James Paull reviews “Journey to Horseshoe Bend” by T.G.H Strehlow

Journey to Horseshoe Bend

by T.G.H. Strehlow

ISBN : 978-1-922146-77-9


Reviewed by JAMES PAULL

If not for the Christian gravesite, the book-cover image of Central Australia might appear an all too familiar trope. Industries as much cultural as primary have engaged in modes of wealth extraction from this landscape. In mid-century modernist mythography, for example, the desert spoke of a nation’s spiritual void. By contrast, the grave’s fragile occupancy in this hostile sun-blasted world alludes to a specific historical biography. The telling of its story is no less indicative of land’s meaning, however, no less imbued with mythography.

The biography in question is Carl Strehlow. The Lutheran pastor of Hermannsburg Mission from 1894, Strehlow succumbed to severe illness in 1922. In October that year a party set out to save his life, journeying along the dry bed of the Finke River with the immobilised Strehlow mounted on a chair on the back of a horse-drawn cart. The story of Carl’s agonised last days and death at Horseshoe Bend and a young man’s coming-of-age became in the hands of his son, linguist and anthropologist TGH (Ted) Strehlow, a literary masterwork.

Journey to Horseshoe Bend was first published in 1969. Apart from a 1978 paperback edition, it has been out of print. This Giramondo edition features a new cover photograph, as well as a specially commissioned essay by Dr Philip Jones, curator of Australian Aboriginal Culture at South Australian Museum. It reproduces the original text including the carefully prepared regional map that formed the endpapers of the first edition.

To revisit the book’s epic scope is to be reminded of its blending of closely observed factual detail with the artful. A simple diary-like entry – ‘It was Tuesday, the tenth day of October, 1922’ – sets the stage for the rising eastern sky to reveal calls of birdlife and Aranda (Arrernte) place-names. Meanwhile, the Mission’s Aboriginal congregation awaits with trepidation their ‘ingkata’ (‘chief’). We learn of Carl Strehlow’s long struggle to build a ‘Christian home’ for the Arrernte at Hermannsburg, as well as his now severely weakened condition due to the combination of pleurisy and dropsy. Carl’s questioning of his faith is introduced, as is the gnawing conviction the Church has abandoned him. His bloated pain-wracked body is revealed to all as he emerges with his wife and fourteen-year old son Theo, before being strapped atop a horse-drawn cart to journey south accompanied by his family and Arrernte horseback drivers. So begins his personal Calvary – the poignancy heightened when the Aboriginal congregation offers an impromptu rendition of a Lutheran chorale translated into Arrernte.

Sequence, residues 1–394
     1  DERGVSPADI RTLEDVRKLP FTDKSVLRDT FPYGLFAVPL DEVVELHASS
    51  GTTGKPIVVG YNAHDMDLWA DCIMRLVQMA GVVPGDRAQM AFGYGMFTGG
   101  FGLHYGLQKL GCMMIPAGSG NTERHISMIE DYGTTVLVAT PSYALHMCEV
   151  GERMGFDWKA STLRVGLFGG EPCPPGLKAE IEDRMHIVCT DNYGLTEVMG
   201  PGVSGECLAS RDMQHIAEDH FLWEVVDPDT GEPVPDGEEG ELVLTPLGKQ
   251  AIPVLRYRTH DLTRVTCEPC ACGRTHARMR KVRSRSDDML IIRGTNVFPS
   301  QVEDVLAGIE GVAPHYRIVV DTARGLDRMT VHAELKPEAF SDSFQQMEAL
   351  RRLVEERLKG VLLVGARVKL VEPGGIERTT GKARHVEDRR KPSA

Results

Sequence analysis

TGH Strehlow began writing the book during an illness resulting in hospitalisation. It was also a period of midlife crisis, when he would abandon his wife and children for a much younger woman. Both episodes undoubtedly shadow the book’s central theme, which concerns the reciprocal nature of death and regeneration.

Successive revisions of the first draft saw the manuscript evolve from autobiography to a form in which Indigenous and settler narratives are interwoven. Strehlow was alert to a mid-century poetics that turned to the outback to frame questions of Australian national identity. Voss remains the most celebrated, but others, including the Jindyworobaks with their focus on Aboriginal culture and natural environment, are equally important. The generation of Arrernte artists commonly associated with Albert Namatjira identifies a third stream.

A passing reference to Namatjira in the book’s opening section invokes something of this awareness; more significantly, it demonstrates the memoir’s doubled philosophical design. Journey is testimony to the convergence of differing stories, peoples and cultures and how they are bounded by conditions of circumstance and region. The lives of the Arrernte peoples and the Strehlows converge at Hermannsburg (Ntarea). The most important form of doubling is that of Carl’s death journey with his son’s coming-of-age. This is because Journey, while a work of synthesis, is, first and foremost, a literary Bildung. Crucially, Theo’s development cannot be separated from his father’s decline.

There is another photo of Carl Strehlow’s grave, this one taken in 1936 and featuring the son, now a young man commencing fieldwork in Central Australia. The recently married TGH revisits the site of his father’s death at Horseshoe Bend. The portrait seems to foreshadow the memoir’s design and thematic preoccupations. TGH’s respectful yet solitary stance embodies something of the burden the author carries in this book. His story remembers in detail the harrowing circumstances of Carl’s death. Journey is a work of mourning, but it is also a nuanced psychic account of the son’s displacement of his father.